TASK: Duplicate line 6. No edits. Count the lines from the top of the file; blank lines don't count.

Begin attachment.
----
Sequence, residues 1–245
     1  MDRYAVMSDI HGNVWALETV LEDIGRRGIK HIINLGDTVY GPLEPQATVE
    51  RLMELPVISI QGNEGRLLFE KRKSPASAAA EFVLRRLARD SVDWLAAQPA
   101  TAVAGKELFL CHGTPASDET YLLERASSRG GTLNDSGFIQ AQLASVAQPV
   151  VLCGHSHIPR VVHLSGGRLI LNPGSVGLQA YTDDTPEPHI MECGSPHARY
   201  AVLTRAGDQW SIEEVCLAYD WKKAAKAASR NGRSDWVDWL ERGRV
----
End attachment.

   201  AVLTRAGDQW SIEEVCLAYD WKKAAKAASR NGRSDWVDWL ERGRV